Published: Thursday 4 December 2014
THE body of Jonathan Corrie, a homeless, 42-year-old father of two from Kilkenny, was found just metres from Dail Eireann on December 1.
Over the past six years or more, politicians inside that building made political choices that put Mr Corrie on the streets and failed him, his family and the rest of society.
Cuts to homelessness services, failure to adequately invest in mental health services, a disastrous housing policy, a persistent and relentless adherence to austerity – all were political choices that no doubt played a part in Mr Corrie’s passing.
In November, we heard how Conor Cribbin, a 25 year old suffering from ADHD and in need of expensive medication took his own life days after hearing his medical card had been stopped.
He’d also learned a few days before that he’d been denied a college grant.
Galway Coroner Dr Ciaran MacLoughlin said: “Those drugs are quite expensive and it may have been enough to create a situation he could not handle. This may be one of the consequences of austerity.”
Austerity has negatively impacted on almost all households in Ireland – but some more than others.
The above examples are but two from the thousands upon thousands who’ve suffered in silence over the past few years. And yet politicians of all hues express sympathy, horror, grief, shock and all other emotions that can easily be jotted down on paper.
Actions, it seems, are much harder than expressions of emotions.
Let’s examine political actions. How was the tax cut of €405m for the top 17% of earners in the recent Budget going to help out the above victims of austerity?
How was the tax cut for chief executives of multinational corporations supposed to help them?
How is the refusal to tax wealth or to implement real and effective corporation tax measures going to prevent these incidents from occurring again?
Inequality was growing long before the bank guarantee and the subsequent bailout. Decades of policies implemented by all political parties who entered government ensured that that income gap grew and grew with the result being that working class people experience death at a much younger age than those from a more affluent background.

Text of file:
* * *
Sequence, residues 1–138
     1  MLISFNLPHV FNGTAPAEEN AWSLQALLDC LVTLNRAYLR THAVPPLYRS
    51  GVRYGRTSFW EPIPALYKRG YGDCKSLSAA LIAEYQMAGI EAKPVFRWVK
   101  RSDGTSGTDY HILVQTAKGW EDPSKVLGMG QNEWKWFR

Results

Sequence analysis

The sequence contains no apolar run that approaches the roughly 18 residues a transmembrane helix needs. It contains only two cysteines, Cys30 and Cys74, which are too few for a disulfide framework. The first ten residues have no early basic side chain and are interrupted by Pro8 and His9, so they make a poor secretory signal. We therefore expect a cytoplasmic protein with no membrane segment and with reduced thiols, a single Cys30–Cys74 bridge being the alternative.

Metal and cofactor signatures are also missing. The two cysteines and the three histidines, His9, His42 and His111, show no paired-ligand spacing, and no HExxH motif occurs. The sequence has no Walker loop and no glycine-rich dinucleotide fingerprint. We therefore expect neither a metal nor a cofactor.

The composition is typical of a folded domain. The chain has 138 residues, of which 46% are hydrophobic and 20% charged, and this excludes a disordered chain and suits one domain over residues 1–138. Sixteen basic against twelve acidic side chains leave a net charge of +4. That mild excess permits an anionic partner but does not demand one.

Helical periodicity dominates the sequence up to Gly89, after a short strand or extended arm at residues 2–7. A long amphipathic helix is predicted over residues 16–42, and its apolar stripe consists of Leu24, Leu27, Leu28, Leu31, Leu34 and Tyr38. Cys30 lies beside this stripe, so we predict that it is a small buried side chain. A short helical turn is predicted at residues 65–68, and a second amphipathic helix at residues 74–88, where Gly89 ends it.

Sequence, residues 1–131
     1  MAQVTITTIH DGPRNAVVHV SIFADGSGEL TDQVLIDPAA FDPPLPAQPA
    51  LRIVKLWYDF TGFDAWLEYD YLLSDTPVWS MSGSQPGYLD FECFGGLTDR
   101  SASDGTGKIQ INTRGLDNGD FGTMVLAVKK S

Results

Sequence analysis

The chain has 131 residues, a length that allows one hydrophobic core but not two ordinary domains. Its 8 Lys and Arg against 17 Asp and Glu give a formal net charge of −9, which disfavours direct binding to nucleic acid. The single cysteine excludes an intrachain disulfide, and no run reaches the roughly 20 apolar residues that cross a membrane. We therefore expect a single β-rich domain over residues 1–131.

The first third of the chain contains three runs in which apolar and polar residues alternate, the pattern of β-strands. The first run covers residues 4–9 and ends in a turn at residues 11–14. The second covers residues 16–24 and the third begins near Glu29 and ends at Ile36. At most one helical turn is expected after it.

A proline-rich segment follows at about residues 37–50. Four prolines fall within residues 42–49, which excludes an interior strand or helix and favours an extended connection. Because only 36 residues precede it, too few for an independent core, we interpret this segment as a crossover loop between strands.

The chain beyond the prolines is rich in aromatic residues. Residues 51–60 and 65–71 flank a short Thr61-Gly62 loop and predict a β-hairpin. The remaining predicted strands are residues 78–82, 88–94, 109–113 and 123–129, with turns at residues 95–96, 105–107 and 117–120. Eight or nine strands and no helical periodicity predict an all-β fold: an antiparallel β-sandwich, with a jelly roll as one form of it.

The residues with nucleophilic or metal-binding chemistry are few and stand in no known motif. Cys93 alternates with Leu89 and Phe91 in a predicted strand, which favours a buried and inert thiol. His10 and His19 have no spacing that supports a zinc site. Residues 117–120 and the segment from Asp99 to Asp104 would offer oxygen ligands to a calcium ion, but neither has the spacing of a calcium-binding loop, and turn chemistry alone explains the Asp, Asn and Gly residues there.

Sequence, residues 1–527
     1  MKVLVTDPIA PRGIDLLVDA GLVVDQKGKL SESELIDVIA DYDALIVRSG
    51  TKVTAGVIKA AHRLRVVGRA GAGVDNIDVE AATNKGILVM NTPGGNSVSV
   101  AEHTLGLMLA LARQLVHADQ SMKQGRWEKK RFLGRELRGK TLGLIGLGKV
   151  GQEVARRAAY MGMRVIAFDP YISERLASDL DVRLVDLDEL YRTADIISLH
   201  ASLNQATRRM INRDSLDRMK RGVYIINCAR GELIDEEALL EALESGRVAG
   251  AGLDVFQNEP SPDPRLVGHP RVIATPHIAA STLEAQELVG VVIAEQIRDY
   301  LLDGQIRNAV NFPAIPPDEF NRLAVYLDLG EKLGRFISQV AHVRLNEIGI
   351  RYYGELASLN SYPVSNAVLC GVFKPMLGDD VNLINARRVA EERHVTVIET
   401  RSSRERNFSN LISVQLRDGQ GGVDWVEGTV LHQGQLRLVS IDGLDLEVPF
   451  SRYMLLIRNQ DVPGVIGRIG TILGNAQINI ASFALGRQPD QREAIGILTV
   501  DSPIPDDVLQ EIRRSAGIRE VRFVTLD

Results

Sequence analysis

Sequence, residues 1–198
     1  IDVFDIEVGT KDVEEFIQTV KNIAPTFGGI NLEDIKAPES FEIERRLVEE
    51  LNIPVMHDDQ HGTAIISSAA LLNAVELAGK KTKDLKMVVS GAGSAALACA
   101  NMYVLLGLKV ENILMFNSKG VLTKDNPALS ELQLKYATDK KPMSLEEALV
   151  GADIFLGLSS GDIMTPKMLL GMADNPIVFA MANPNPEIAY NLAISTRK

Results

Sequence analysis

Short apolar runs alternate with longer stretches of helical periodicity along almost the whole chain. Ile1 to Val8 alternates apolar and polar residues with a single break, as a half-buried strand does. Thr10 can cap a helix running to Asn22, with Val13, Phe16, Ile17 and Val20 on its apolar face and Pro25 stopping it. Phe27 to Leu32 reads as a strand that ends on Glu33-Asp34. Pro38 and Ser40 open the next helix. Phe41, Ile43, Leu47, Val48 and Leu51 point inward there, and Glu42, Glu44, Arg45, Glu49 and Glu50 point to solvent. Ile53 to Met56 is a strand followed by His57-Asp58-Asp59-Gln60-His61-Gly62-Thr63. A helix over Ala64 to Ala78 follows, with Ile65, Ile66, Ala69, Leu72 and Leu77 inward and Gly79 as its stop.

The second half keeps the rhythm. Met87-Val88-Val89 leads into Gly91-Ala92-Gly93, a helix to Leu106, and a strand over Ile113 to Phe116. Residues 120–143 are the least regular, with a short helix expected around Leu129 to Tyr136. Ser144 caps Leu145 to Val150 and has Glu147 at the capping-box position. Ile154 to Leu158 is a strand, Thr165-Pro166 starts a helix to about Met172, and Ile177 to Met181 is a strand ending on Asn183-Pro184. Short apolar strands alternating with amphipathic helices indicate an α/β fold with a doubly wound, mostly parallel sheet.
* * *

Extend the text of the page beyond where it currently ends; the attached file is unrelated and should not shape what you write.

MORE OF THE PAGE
The Institute for Public Health (IPH) estimates that more than 5,400 preventable deaths occur every year due to income inequality.
A recent report showed that people living in Blakestown in North West Dublin, a working class community, experienced cancer death rates of 381 per 100,000 compared with 128 per 100,000 in Castleknock South East, a more affluent area. That means if you live in a working class community and you’re diagnosed with cancer, you’re three times more likely to die than if you’re from a wealthy background.
So much for treating all the children of the nation equally.
Kathleen O’Meara from the Irish Cancer Society explained: “In some deprived Dublin areas, there are not enough primary care resources – for instance, in North Dublin there is one GP for every 2,500 people. Nationally this figure is 1:1,600.
“In addition there have been increased A&E charges, long stay charges and increased prescription charges. By 2013, it has meant that every person in Ireland was on average paying about €100 in additional costs for accessing care and prescribed drugs.”
This is the result of inequality and austerity. And the result of political choices.
The homelessness crisis and the mental health crisis do not exist in a vacuum. They’re the direct result of political choices where we give tax breaks to the rich and cuts to the poor.
And it’s all wrapped up in a convenient blanket of, “there is no alternative”.
We can’t invest more in tackling homelessness – because that would mean taxing wealth.
We can’t tackle mental health disorders – because that will mean no tax breaks for the well off.
We can’t create a more equal and fairer society – because we’re busy bailing out speculative bondholders and refusing to write down debt.
These are choices. Jonathan Corrie and Conor Cribbin’s deaths are the result of those choices, as are the tens of thousands of others who die from inequality without the attention they deserve. Dublin Lord Mayor Christy Burke referred to the death of Mr Corrie as “a national disgrace”, and he’s right. But so is the death of Mr Cribbin and all of the others who have lost their lives due to our collective failure to tackle inequality and austerity.
The unnecessary deaths of these young men should enrage you. But their deaths should not be in vain and we must focus on solutions. Closing the inequality gap and voting for political parties and individuals who advocate that position is a start.
Demanding an end to austerity is another and holding politicians accountable for their failure to challenge the “there is no alternative” mantra is another.
By David Gibney
Mandate Communications Officer